Stroop interference in native users of sign language
Cottrell, David, and Murdoch, Suzannah (2009) Stroop interference in native users of sign language. In: Program, Information and Abstracts of the HCSNet Perception and Action Workshop: tools and techniques for conducting EEG and MEG experiments, p. 15. From: HCSNet Perception and Action Workshop: tools and techniques for conducting EEG and MEG experiments, 8-9 August 2009, Brisbane, QLD, Australia.
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Native speakers of sign language provide an interesting sample in which to explore the boundary between the processing of gestures and formal languages. Imaging studies suggest that comprehending sign language involves systems common to both recognizing gestures and spoken language comprehension. In this study we compared performance on two tasks: a sign language version of the Stroop task and the Simon task. We collected baseline behavioral data from three groups, those with deaf individuals who used Australian Sign Language (AUSLAN) as their dominant language, fluent English/AUSLAN bilinguals and non-signing native English greater respose interference than the non-lingustic stimili in the Simon task. These results suggest a special status for linguistic information regardless of changes in the input and output modes.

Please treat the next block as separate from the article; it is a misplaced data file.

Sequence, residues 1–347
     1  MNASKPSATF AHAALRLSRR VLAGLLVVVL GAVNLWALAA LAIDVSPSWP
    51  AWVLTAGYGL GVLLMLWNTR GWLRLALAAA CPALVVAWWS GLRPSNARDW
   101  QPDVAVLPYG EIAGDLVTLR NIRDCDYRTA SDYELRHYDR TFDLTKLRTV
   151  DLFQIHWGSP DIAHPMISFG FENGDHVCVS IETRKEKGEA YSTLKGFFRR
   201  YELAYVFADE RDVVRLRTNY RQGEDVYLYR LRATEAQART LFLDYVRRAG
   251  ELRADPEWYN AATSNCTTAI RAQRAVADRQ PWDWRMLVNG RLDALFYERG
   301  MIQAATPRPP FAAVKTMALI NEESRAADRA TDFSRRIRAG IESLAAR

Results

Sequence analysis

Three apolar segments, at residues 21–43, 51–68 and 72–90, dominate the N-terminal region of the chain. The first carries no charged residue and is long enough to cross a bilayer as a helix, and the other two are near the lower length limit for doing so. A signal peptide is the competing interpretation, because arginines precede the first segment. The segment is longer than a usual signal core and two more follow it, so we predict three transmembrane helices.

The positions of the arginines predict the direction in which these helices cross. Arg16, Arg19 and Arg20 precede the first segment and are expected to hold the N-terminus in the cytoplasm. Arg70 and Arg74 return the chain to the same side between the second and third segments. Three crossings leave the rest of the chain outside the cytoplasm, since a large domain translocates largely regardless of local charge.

|Item Type:||Conference Item (Abstract / Summary)|
|Date Deposited:||20 Jun 2012 03:21|
|FoR Codes:||17 PSYCHOLOGY AND COGNITIVE SCIENCES > 1701 Psychology > 170112 Sensory Processes, Perception and Performance @ 100%|
|SEO Codes:||97 EXPANDING KNOWLEDGE > 970117 Expanding Knowledge in Psychology and Cognitive Sciences @ 100%|